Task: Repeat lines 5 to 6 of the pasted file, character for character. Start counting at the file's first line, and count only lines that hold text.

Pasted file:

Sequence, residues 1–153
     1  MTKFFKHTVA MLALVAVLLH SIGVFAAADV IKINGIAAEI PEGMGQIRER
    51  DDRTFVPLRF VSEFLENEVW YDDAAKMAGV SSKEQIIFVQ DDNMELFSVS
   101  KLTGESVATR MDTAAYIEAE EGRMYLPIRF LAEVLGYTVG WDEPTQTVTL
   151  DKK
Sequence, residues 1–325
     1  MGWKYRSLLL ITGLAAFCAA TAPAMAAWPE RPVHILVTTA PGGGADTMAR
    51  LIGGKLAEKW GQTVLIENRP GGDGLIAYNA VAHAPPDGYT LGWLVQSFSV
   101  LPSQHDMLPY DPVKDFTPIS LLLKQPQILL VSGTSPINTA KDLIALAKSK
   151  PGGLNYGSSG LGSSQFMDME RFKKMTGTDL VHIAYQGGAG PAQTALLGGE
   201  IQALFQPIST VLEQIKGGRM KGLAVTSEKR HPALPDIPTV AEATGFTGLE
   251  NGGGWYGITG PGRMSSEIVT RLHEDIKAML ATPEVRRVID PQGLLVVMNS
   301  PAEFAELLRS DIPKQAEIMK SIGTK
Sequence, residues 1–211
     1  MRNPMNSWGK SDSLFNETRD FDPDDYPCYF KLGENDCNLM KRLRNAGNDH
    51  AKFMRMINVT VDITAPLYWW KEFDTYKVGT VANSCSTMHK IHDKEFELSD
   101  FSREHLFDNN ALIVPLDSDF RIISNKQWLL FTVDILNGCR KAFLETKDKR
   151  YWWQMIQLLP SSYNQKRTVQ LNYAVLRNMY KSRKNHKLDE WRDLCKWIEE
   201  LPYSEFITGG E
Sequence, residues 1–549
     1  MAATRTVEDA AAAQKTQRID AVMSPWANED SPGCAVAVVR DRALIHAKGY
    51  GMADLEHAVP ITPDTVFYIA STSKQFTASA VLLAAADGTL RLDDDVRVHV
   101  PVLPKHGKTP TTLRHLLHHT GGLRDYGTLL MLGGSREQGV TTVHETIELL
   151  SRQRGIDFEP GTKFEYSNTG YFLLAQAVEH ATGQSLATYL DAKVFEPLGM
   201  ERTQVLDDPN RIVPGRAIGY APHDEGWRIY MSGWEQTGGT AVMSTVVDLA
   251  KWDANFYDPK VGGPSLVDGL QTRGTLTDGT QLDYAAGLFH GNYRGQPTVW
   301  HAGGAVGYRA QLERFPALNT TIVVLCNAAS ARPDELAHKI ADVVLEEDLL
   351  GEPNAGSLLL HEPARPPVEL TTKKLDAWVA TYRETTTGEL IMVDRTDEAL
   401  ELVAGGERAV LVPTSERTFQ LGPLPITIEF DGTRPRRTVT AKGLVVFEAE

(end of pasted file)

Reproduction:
   151  DKK
Sequence, residues 1–325